Top reviews from other countries
Josephine's voice is earnest and engaging. It is a joy to watch her character grow across the story and slowly develop a more mature outlook on life and what independence, tradition and identity can mean for young women in our busy, multicultural world today.
Josephine and her big, smart mouth. She's feisty and not a pushover. That along with her big mouth often gets her into trouble. Yet, she's cares about others.
Jacob Coote: So passionate and straightforward. He's not afraid to say what's on his mind. Loved this quote from him: "I've grown accustomed to you," he said. "You're just not what I'm used to." "And you've got the biggest mouth I've ever met." Josie: "Lovely. Why am I lying on the beach with a boy who's insulting me."?" Jacob: "Because you're attracted to me sexually." The romance between him and Josie is a nice blend of sweet and ornery at the same time. These two are ready to smack each other one minute, and then kiss until their lips are bruised, the next.
The old-world Italian family: Christina, Josie's mom, who gave up so much to raise Josie on her own. Nonna Katia, the hysterics and drama always surrounding her. In the beginning you find her just as irritating as Josie. But as Josie gets her history, you feel for her just as Josie does. Nonna Katia's story ends up being quite interesting and sad at the same time. And then there's Michael, the father who comes back into the Alibrandi's life. The developing relationship was heart-warming.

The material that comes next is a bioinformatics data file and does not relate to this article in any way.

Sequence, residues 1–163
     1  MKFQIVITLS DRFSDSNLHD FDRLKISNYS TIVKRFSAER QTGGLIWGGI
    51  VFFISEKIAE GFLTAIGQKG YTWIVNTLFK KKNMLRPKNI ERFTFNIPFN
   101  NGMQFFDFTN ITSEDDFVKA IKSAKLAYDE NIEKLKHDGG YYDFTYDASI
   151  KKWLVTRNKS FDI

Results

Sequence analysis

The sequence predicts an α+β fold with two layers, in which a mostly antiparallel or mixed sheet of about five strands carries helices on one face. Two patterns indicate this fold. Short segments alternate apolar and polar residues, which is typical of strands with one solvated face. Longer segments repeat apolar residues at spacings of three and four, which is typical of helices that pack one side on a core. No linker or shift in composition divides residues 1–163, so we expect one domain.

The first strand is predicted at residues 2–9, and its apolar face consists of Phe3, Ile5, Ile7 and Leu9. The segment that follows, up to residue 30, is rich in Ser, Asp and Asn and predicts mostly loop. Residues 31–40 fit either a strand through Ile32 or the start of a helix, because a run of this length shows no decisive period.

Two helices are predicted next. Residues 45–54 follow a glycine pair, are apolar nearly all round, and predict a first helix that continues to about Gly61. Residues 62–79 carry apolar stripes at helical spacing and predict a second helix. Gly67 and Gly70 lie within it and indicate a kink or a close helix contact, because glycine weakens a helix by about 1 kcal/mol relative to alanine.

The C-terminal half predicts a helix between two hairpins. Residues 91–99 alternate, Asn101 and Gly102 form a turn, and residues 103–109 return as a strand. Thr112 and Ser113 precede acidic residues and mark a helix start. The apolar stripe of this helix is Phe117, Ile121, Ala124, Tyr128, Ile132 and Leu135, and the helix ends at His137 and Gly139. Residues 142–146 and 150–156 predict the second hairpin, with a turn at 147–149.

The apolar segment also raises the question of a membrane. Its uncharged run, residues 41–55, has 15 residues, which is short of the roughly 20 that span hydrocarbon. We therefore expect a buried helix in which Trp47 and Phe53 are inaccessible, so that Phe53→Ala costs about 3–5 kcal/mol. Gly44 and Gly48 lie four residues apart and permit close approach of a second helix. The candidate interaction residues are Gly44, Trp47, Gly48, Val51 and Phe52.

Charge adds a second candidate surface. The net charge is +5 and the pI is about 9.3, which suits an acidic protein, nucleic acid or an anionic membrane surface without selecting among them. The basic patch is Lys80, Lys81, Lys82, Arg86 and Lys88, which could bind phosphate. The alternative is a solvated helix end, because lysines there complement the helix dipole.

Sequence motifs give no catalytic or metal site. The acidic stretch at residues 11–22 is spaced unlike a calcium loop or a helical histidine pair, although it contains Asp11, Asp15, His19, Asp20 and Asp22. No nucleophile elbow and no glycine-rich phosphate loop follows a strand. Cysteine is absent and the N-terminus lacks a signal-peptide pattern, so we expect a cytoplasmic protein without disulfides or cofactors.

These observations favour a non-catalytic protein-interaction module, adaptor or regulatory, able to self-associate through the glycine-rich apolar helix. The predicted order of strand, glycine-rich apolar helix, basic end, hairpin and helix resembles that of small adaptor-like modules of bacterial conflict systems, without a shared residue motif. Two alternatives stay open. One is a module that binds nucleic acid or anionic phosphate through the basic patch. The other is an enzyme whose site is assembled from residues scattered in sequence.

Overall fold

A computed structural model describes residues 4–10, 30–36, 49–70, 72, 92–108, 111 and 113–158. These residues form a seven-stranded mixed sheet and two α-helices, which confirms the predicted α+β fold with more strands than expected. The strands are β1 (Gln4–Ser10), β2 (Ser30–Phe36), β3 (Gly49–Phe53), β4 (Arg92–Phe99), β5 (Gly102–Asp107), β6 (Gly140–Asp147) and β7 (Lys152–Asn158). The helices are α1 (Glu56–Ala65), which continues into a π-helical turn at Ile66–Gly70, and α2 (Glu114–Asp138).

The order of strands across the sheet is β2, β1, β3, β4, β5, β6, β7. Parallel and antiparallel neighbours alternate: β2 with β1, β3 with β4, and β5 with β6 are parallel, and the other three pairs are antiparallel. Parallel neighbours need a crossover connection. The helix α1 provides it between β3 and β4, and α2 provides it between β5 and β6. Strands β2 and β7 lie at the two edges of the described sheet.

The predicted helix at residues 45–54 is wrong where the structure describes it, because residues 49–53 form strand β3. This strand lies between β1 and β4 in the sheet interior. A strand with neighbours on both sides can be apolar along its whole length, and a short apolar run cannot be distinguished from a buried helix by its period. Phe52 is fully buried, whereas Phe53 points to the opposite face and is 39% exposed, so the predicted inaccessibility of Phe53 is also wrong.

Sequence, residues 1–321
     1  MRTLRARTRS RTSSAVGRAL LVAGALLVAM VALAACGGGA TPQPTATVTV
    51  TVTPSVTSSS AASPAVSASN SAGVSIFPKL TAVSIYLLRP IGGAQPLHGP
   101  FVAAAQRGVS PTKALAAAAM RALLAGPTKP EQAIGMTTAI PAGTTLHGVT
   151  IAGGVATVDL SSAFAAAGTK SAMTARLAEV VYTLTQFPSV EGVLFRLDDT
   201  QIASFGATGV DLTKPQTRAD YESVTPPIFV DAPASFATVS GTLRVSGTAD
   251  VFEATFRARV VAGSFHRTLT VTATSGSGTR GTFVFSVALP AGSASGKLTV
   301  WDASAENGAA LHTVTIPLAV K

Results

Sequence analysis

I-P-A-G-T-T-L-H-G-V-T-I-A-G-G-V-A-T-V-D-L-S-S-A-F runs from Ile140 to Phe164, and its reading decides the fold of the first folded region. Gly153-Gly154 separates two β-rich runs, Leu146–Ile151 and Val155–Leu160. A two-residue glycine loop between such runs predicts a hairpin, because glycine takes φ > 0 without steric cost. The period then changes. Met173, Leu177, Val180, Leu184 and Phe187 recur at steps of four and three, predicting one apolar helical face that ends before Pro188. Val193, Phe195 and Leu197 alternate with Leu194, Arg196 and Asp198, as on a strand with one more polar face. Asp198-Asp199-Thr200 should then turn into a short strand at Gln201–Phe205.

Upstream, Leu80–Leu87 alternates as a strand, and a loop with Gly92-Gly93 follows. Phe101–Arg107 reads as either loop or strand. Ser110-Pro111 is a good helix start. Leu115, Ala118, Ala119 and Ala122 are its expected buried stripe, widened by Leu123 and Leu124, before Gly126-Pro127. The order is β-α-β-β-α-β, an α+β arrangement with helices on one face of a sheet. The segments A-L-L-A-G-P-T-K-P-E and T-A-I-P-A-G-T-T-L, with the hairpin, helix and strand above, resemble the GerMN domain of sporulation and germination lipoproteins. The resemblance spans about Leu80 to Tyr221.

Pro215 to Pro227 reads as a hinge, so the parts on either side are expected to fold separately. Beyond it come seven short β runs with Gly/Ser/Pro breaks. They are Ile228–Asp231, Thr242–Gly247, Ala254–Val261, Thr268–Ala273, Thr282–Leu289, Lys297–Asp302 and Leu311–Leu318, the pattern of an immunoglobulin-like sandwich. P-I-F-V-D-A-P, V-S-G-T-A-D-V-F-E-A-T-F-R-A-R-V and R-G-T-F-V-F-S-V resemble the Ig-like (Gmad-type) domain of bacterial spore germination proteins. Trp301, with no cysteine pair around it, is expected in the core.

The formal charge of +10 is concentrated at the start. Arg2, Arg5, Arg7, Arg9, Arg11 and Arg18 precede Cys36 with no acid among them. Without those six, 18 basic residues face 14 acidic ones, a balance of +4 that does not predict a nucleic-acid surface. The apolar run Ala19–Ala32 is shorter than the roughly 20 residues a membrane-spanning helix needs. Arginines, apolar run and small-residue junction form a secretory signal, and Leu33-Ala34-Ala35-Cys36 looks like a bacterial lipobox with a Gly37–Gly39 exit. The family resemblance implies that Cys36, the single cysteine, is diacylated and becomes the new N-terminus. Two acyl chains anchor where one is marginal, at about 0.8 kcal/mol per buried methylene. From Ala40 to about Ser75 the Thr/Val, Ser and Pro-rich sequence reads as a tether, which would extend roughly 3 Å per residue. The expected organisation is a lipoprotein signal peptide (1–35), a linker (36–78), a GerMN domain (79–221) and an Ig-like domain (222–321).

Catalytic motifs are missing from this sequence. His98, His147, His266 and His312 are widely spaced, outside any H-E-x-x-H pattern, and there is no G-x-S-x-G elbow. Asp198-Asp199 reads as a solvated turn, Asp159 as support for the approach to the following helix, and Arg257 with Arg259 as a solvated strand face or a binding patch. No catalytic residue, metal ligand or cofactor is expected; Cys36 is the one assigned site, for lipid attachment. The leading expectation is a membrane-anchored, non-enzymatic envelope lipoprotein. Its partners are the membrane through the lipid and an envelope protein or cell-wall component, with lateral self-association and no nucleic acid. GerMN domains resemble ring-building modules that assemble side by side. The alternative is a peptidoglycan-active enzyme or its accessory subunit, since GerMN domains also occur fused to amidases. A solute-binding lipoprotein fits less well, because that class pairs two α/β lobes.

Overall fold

Here are some of my favorite quotes/scenes:
Josie: "We don't even love each other." Jacob: "I do a bit, you know." Josie: "You do what a bit?" Jacob: "You know. Like you...whatever...love you a bit." Josie: "I think I kind of love you too."
Jacob: "Didn't I once squash two eggs against your glasses?" Josie: "I'm flattered you remembered."
Josie: "He's not my type." Lee: "Why?" Josie: "He cracked two eggs on my glasses once." Lee: "Out of twelve girls in that alley, he picked you to do that to. I think he likes you."
Sister Gregory is famous for nostril-flaring. Once I commented to someone that she must have been a horse in another life. She overheard and scolded me, saying that, as a Catholic, I shouldn't believe in reincarnation.
And then her father comes back into her life.
Josephine is a wonderfully real teen, full of both worries and courage, as she unexpectedly comes to connect with both her dad and other teens.